Shot on a Canon C100 + Atomos Ninja in CLog, with a Canon EF 100-400 f/4.5 L lens at 24p. The post work was done in After Effects.
The once a summer–posted to the explorations blog–surfing video, posted annually because I was an enthusiastic goofy-footed surfer during the summers of 1968, 1969 and 1970 at, respectively, the breaks of: Oahu, Virginia, South Carolina. Then, crossing it off my bucket list, I soon became a long-haired hippie.
The last photo of my car Coltrane and me, minutes before departing for a Suburu dealer in Wickliffe to trade it in as downpayment on my wife’s new car. I took over her car, now named Booker (after saxophonist Booker Ervin.)
I’ve always named my cars. There has been a bunch of ‘em, even so while including driving Coltrane to just shy of 97,000 miles, and, putting 148,000+ miles on Monk, an 1984 Honda Accord. I’ve owned or co-owned cars names Ella, Betty,Duke, and Miles.
Coltrane, a 2000 Civic, was the first new car I ever owned. The funny Coltrane the car story is about the trouble the sales person had in 2000, finding a new 5 speed Civic with just a radio/cassette player. I told him right from the beginning,
Basically, for me, a car is a sound system that can also go from point A to point B.
And, the fundamental approach is to intentionally take wrong turns.
The squareONE web site, my professional web site, is published but will remain for the next several months a kind of swirling work-in-progress.
My hope is to make 2014 the year squareONE finds its beneficial grip on the diffuse, and difficult-to-grab clientele of persons who could benefit from building their ability to explore, discover and transform.
from the home page:
SquareONE combines innovative and accessible experiential processes with keen facilitation skills to provide powerful applications for professional and personal development, and, for open-ended collaborative exploration.
squareONE’s goal is to guide learners to remarkable insights using playful exploration and collaborative discovery. Once realized, such discoveries often provide a way to address a wide variety of everyday or unusual human challenges.
Other times, truly intrepid learners may simply enjoin squareONE to capture what arises from unique and creative forms of open-ended experience.
My music making alter ego is: Kamelmauz. He does sonic experiments and lets me produce and issue them on Duty Free Records. Finally, these records are issued on Bandcamp, in one of two locations.
Got it? There today exist fourteen different audio productions. Each can be downloaded or auditioned at Bandcamp.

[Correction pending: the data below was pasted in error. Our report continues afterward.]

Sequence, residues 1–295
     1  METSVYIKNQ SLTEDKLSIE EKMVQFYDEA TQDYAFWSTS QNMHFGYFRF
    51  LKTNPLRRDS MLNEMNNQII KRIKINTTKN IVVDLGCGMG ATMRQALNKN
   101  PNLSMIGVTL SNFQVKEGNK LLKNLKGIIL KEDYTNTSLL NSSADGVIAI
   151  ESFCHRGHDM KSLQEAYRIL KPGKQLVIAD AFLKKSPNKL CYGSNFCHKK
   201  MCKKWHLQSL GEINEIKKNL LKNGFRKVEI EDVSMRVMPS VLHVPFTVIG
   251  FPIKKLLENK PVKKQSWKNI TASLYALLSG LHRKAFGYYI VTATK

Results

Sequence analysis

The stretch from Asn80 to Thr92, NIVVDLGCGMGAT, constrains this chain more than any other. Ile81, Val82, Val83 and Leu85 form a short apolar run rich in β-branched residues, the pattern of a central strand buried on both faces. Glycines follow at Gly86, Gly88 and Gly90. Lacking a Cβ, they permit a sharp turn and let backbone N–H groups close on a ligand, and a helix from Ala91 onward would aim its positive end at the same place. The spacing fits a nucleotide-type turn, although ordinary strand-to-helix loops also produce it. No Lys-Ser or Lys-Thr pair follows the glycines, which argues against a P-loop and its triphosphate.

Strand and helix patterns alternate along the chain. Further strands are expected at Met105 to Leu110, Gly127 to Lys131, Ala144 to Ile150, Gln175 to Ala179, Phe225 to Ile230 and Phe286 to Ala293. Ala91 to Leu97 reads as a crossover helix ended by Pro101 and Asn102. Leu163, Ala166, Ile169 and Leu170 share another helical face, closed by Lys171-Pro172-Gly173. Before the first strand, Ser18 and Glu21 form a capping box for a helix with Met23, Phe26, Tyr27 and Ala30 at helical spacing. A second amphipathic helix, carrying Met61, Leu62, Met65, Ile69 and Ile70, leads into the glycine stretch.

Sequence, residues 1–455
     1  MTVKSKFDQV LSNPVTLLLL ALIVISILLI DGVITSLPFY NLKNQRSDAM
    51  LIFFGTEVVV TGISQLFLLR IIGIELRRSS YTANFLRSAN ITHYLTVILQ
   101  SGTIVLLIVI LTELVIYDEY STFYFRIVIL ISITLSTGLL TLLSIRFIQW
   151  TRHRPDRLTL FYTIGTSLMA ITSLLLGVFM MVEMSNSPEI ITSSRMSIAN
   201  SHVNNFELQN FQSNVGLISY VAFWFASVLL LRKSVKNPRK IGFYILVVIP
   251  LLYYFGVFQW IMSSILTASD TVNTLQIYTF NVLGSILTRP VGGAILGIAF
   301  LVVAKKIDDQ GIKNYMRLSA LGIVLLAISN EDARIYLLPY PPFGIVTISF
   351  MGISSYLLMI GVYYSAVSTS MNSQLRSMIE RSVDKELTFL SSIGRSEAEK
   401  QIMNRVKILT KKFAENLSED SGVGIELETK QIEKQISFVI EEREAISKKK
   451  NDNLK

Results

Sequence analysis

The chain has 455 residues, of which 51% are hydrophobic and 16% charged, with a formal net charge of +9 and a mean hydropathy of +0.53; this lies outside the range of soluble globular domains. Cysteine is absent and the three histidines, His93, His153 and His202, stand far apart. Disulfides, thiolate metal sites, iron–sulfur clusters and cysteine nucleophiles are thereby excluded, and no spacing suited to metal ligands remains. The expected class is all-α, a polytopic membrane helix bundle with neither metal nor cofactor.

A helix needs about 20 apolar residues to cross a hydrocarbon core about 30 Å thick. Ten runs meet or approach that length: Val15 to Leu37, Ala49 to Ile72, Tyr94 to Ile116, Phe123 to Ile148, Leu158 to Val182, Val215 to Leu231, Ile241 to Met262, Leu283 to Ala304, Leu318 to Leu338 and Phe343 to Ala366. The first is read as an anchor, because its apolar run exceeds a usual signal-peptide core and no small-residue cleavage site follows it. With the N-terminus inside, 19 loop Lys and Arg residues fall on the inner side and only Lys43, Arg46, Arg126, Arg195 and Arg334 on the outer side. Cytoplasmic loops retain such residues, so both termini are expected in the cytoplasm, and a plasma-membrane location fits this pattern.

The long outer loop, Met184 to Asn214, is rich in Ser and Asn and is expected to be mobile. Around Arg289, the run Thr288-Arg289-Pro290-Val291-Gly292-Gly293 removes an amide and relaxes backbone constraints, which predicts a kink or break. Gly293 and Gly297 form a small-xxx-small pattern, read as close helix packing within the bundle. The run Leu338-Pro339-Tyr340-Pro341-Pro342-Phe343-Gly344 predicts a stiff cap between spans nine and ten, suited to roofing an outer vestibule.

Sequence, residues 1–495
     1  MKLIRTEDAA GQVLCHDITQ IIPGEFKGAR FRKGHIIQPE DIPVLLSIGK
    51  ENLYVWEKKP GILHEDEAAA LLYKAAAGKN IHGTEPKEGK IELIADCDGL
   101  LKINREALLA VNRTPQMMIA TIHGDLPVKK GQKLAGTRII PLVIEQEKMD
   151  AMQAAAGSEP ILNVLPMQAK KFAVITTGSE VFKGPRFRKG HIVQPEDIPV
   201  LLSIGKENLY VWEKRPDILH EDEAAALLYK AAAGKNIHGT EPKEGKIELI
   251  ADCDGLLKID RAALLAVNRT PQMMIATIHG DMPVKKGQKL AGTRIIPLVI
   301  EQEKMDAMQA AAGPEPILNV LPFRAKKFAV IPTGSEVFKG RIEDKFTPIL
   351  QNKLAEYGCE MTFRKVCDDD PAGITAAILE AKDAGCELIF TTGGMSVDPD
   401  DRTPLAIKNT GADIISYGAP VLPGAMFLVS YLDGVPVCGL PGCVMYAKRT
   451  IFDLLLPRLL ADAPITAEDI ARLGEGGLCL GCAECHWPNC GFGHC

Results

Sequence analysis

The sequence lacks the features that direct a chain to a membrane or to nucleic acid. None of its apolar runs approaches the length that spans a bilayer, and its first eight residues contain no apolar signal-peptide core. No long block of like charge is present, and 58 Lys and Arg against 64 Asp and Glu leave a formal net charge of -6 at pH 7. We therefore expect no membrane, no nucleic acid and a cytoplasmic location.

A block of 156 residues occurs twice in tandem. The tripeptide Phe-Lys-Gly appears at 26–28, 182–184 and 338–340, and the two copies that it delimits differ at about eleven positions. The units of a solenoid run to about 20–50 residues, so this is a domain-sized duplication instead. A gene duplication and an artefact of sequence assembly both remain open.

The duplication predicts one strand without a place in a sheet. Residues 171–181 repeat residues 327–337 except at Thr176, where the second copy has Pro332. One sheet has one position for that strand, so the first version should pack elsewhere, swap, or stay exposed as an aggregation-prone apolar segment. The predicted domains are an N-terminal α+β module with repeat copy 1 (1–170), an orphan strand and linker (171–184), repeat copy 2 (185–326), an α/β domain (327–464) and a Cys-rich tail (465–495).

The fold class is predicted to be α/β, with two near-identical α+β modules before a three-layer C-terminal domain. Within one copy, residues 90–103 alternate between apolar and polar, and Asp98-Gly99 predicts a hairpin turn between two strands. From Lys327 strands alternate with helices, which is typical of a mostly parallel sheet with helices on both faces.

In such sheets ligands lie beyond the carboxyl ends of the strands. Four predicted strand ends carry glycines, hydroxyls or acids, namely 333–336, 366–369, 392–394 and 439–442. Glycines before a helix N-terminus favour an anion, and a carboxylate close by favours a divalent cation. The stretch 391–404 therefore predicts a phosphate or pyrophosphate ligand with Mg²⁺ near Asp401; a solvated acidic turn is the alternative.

The vein of music I create is variously reduced to categories–experimental/avant-agarde/ambient/industrial/dark ambient–which miss the personal point of my efforts. Oh well. ‘we’ make music for the sake of my enjoyment of the process of making music, and, to actively support my enthusiasm for learning, novelty, and experience.
As you should know by now, my musical activities and interests are documented on the blog of noguts noglory studios.
There’s a video for the new ep, Apparently There’s More.
In my studio, on the wall with the window, I tacked up pictures of ‘mission-critical’ luminaries. The poster-like reminder above–using an original photo collage–tops the construction.
I’m well-aware of my own personal pantheon of influential persons. One question I sometimes pitch for the sake of understanding better where a person has been is: who are your luminaries?
To our neighbors:
What a beautiful fall! Everything shimmering and golden and all that incredible soft light. Water surrounding us.
Lou and I have spent a lot of time here in the past few years, and even though we’re city people this is our spiritual home.
Last week I promised Lou to get him out of the hospital and come home to Springs. And we made it!
Lou was a tai chi master and spent his last days here being happy and dazzled by the beauty and power and softness of nature. He died on Sunday morning looking at the trees and doing the famous 21 form of tai chi with just his musician hands moving through the air.
Lou was a prince and a fighter and I know his songs of the pain and beauty in the world will fill many people with the incredible joy he felt for life. Long live the beauty that comes down and through and onto all of us.
Lou Reed remembered by me, but mostly a post recounting how long it took me to find my way to his artistry: The Murshid of the Underground
A member of the Pedal Steel Guitar Forum asked lap steelers to post pictures of his or her herd. I obliged, although Sonny apparently wanted to be in the picture.
Sonny turns two in January. Here’s a pick from the old studio, taken when he was about three months old. Sonny came into our lives because we happened to have an appointment at our vet the day after somebody left a box full of kittens in their parking lot. Sonny, named after Sonny Rollins the jazz saxophonist, was playing in a waste basket of shredded paper when one of the assistants pulled him up and out so Susan and I could see “The kitten nobody has spoken for yet.”
“We will take him off your hands.”